Paying Student Loans at Gunpoint
February 2015 must have been an unsettling month for Paul Aker. Seven US marshals – armed to the teeth – approached Mr. Aker’s house in Houston with warrant for his arrest. His crime? An overdue federal student loan of $1,500 – dating back to 1987.
But Mr. Aker might not be the only former student who received this wakeup call. It is estimated that over 1,500 other people got letters from the marshal’s office recently.
The incident sparked street protests by students and rights groups, with the demonstrators demanding that the government wipe away debts of students who cannot manage to raise payments. Such “fightbacks against educational debt” have been a commonplace in New York since 2010.
A storm brewing in Britain
Prior to last year, Britain might have taken credit for being one of the world’s most forgiving countries when it comes to matters of student debt, but that is rapidly changing.
After discovering that raising the income threshold below which people would be exempt from repaying student loans to £21,000 would place a larger burden on the taypayers, the government announced a freeze on further updates to the threshold.
Many people have pointed out that the outcry by college administrations against the government’s decision to freeze the repayment threshold is duplicitous because it is the same colleges that have been steadily increasing tuition fees and increasing their profits.
Britain has one of the most expensive education systems in the world. However, a similar trend of upsurge in college costs has been witnessed in many other countries. Data from the U.S. Bureau of Labor Statistics show that the CPI for consumer goods in America increased by 120 percent between 1980 and 2014, while college costs rose by over 260 percent during the same period.
In essence, the problem is not with loans; rather, it’s the rising college fees, accompanied by the increased costs of rent and food. The average student therefore has no option but to drown in debt.
Escape to Australia
If the sentiments by British Universities Minister are anything to go by, Australia may the new safe haven for student loan defaulters. Many fresh graduates from Britain move to the region annually in search of better pastures, and while majority continue giving back to the loan kitty, there has been a general fall in remittance rates.
Earlier last year, the ministry announced that it would tighten its grip on loan defaulters in foreign countries. It has always been easy to recollect the debts within, due to the use of a salary check off system. However, the same has not been possible outside.
Waning social mobility
Historically education has always been a source of socio-economic mobility. A person stood higher chances of securing a good job and a comfortable life with a college degree than when they only had a high school certificate.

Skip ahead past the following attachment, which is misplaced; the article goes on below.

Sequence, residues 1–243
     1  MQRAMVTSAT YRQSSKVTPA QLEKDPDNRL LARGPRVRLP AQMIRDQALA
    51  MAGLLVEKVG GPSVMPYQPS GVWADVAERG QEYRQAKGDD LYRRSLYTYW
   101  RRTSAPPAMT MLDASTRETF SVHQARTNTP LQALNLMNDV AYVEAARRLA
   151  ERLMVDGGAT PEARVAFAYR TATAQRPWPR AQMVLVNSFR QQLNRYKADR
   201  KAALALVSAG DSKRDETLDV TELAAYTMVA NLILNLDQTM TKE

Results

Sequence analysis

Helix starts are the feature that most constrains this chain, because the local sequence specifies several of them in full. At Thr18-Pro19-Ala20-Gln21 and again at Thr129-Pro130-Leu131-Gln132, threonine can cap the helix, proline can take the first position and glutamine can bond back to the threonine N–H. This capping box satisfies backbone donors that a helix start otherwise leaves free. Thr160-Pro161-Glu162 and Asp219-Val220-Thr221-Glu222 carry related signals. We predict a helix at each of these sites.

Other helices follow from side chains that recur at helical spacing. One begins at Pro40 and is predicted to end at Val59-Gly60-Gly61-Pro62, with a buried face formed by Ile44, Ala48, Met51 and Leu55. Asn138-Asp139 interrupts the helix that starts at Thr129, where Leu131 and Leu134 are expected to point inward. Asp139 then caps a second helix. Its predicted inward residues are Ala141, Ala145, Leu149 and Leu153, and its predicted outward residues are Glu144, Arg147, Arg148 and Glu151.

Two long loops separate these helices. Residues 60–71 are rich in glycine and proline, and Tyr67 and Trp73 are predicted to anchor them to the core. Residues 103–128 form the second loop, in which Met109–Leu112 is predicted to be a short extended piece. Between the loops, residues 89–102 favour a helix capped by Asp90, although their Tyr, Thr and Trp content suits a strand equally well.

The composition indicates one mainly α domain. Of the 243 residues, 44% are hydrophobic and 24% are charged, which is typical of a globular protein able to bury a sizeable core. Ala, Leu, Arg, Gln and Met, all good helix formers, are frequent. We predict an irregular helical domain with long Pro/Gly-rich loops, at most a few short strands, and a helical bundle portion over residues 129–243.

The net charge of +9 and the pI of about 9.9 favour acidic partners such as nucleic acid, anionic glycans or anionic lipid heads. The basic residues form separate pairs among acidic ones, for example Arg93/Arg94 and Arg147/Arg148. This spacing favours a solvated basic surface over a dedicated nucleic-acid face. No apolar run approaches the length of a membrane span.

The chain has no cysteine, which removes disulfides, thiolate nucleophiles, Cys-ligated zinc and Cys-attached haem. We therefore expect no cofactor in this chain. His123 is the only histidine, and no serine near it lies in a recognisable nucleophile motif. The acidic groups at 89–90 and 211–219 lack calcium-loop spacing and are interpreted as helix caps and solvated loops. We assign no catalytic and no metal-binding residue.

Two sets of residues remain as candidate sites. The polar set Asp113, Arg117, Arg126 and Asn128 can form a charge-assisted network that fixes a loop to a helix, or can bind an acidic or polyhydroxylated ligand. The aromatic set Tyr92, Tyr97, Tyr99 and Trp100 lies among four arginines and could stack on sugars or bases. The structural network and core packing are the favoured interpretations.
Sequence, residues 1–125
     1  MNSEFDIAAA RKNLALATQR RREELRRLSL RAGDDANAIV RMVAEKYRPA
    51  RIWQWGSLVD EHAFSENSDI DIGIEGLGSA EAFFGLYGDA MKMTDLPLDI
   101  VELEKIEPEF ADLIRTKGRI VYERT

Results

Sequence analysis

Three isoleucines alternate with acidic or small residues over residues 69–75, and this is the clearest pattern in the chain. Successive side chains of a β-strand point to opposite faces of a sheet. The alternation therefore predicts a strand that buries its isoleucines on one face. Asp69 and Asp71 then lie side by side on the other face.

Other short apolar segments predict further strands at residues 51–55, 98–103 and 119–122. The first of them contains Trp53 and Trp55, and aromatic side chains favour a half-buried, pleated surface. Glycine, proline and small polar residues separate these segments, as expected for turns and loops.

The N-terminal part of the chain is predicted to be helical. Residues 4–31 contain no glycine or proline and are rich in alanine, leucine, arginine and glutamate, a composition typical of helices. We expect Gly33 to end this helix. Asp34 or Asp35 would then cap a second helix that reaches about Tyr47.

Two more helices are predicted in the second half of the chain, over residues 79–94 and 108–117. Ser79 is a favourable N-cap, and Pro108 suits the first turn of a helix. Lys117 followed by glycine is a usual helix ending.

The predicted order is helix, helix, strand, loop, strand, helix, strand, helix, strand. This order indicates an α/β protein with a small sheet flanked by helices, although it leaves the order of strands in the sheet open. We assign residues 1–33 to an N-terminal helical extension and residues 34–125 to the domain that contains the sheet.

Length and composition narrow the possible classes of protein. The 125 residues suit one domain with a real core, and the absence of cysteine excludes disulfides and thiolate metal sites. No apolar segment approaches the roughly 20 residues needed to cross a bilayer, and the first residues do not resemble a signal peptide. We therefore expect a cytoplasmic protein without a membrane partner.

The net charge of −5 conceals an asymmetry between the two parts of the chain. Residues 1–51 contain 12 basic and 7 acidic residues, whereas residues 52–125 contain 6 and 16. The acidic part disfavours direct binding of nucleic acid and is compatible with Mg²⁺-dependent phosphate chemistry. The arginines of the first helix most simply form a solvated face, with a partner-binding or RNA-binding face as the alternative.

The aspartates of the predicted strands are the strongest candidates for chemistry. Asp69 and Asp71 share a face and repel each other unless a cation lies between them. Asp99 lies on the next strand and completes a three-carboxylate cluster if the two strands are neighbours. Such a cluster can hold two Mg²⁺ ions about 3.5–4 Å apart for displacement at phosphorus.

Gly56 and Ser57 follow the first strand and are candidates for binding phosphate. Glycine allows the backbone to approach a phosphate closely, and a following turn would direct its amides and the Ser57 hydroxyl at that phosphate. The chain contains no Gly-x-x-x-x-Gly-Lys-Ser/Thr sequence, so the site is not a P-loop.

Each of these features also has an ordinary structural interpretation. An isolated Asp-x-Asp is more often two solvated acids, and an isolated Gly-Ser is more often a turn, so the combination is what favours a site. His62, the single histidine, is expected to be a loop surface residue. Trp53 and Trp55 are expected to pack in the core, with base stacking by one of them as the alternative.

However, job opportunities for graduates have fallen over the years. Whenever recessions like the ones of 2000 and 2009 happen, only a portion of those who get laid off from their jobs are reabsorbed when the economy recovers, and increasingly college graduates are forced to take low paying jobs that they could have gotten without a degree. This means that even if individuals are willing to service their student debts, the chances that they will manage to do so are slim.
Mass college enrollments
Not only has the population increased; the percentage of people in the world enrolling into colleges has also multiplied over the years. Instead of free education, governments have opted for student loans as a means of direct finance to higher education. The majority of students from middle class families rely entirely on this money to pay for tuition fees, food and rent.
Even though the British government offers to waive outstanding student loans if they are not repaid within 30 years, there are growing signs that this policy might change soon because it is fiscally unsustainable. The burden is rising and some people might have to spend their whole career years paying back their loans.
U.S. Student Debt Growing $2,726 per Second
The overall student debt in America is growing by over $2,700 every second. To put it into perspective, it means that by the time you finish reading this sentence, four thousand dollars or more will have been borrowed to finance higher education.
The total outstanding student debt in the US has surpassed the mind boggling figure of 1.2 trillion dollars. Even for the world’s largest economy, this amount of debt is unsustainable.
So the both the explosion of student debt is shaping up to be a threat both to individuals who are crushed under the weight of the loans they took upon themselves and to banks and governments who guaranteed these loans.
Regarding the mountain of debt already accumulated, only time will tell whether it will be repaid (unlikely) or defaulted on (at least partially), but society needs to reevaluate whether everyone needs a college degree and how to slash the cost of higher education so that it returns to being a worthwhile investment for the individual and for society as a whole.